American cockroaches too are misnamed. They are native to Africa and the Middle East. They are thought to have arrived in America in the 17th century, quite possibly in the ships carrying African slaves to work in the plantations. 

And the German cockroach is not native to Europe either but probably came from Southeast Asia. It is now the most populous cockroach on Earth. 

People loathe all three species, but the Gisborne cockroach does not deserve such abhorrence. It is quite benign. It does not carry diseases, but it is big and seriously scary and has the alarming habit of appearing when you least expect it. 

But the American and German cockroaches can carry diseases and transfer them to the food in your pantry. They, like house flies, have the unlovely habit of feeding and crawling over rotting matter, then transferring the contamination when they traipse over unspoilt food.

We combat cockroaches in our houses first by cleanliness, which denies them food, then by poisoning them. Cockroaches have a sweet tooth, so simple sugars are used as a lure for the poison baits. 

German cockroach. Image

German cockroach. Image

But a strain of German cockroaches has evolved that finds glucose distastefully bitter. They won’t touch sweetened bait. This aversion has a genetic basis and is passed on to the cockroach’s offspring. This is a dramatic illustration of natural selection and adaptation. Cockroach baits may have to evolve too. 

Back in the forest, native cockroaches feast on the cereal baits we put out for rats. Thankfully, we are not poisoning the cockroaches or the wētā and leaf-veined slugs that eat the bait too.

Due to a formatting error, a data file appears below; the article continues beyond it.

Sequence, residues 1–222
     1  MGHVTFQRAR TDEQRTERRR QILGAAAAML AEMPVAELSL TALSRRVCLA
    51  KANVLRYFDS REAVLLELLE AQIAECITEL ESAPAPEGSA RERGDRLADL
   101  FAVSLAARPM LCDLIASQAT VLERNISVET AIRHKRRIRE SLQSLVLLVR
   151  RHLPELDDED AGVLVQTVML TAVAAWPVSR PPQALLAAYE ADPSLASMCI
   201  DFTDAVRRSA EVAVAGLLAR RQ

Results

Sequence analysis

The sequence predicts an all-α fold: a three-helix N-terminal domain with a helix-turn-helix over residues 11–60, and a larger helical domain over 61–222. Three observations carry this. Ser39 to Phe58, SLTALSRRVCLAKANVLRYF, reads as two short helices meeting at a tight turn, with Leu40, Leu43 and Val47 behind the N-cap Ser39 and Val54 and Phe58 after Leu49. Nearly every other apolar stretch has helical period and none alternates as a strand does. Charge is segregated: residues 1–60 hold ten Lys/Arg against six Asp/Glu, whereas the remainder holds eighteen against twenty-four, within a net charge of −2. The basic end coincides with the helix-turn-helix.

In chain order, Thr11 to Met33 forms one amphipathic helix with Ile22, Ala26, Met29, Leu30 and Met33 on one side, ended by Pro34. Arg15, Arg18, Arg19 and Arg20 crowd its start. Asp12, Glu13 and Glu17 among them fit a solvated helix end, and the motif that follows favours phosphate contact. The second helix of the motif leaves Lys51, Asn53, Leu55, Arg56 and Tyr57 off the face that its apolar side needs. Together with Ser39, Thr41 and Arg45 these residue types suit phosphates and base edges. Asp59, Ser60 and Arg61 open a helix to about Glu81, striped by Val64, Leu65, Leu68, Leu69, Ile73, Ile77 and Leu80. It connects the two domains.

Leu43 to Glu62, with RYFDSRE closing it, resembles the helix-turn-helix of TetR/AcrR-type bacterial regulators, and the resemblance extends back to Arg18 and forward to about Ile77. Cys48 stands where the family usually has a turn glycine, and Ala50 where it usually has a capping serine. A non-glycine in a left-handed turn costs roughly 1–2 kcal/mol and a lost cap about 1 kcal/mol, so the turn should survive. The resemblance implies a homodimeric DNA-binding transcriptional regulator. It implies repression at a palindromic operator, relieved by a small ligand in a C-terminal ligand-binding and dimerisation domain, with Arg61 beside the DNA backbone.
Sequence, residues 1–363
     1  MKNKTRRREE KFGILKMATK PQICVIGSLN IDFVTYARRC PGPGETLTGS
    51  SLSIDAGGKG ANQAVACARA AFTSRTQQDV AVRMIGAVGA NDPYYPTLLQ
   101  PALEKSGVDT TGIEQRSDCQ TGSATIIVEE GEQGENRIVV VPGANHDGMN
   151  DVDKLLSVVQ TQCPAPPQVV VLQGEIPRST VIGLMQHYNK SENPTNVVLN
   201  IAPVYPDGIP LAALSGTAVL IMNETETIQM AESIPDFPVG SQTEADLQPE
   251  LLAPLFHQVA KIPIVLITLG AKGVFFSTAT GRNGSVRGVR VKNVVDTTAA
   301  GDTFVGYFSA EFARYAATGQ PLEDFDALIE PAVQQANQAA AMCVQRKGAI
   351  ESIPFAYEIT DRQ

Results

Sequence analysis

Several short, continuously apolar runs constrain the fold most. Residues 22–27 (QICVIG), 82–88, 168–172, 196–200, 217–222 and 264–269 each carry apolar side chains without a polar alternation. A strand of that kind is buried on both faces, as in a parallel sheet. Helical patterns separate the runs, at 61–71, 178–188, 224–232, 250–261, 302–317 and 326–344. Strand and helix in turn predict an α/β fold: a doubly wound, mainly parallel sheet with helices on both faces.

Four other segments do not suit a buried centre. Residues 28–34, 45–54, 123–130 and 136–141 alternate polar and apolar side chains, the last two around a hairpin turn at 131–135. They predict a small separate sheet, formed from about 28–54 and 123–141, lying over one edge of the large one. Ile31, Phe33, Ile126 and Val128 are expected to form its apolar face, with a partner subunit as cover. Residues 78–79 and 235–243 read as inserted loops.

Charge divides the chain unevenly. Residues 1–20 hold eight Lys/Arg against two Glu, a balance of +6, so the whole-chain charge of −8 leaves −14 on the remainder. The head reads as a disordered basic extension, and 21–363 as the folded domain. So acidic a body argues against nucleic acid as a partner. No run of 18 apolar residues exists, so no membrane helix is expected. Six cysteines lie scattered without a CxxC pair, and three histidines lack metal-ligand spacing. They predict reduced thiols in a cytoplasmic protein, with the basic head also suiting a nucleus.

The toxin in the block baits is an anticoagulant that acts as a blood thinner in mammals. For us, a tiny amount, carefully prescribed, can be a life saver, reducing the danger of blood clots leading to heart attacks and strokes. 

For rats, constantly chewing on the same toxin, it is fatal. Insects are quite unaffected, as their watery, greenish blood has quite a different composition to the blood of mammals. 

So we can admire forest cockroaches, secure in the knowledge that they will never intrude on our houses but will keep on working, part of the vital recycling team that supports our native forests and their wildlife. 

Adaptations for survival

The introduced American cockroach. Image Alex Wild

The introduced American cockroach. Image Alex Wild

Modern cockroaches may have evolved into many species, but they still look very like the fossils of their ancestors. Their secrets of success lie in their form and behaviour:

  • They have a characteristic flattened form that enables a forest cockroach to slip behind a flake of bark or a German cockroach to squeeze under  the cupboard door. 
  • They are omnivores and scavengers, meaning they eat almost anything organic.
  • They are fast. The American cockroach is considered one of the fastest running insects. In an experiment, it recorded a speed of 5.4km/h, which would be comparable to a human running at 330km/h.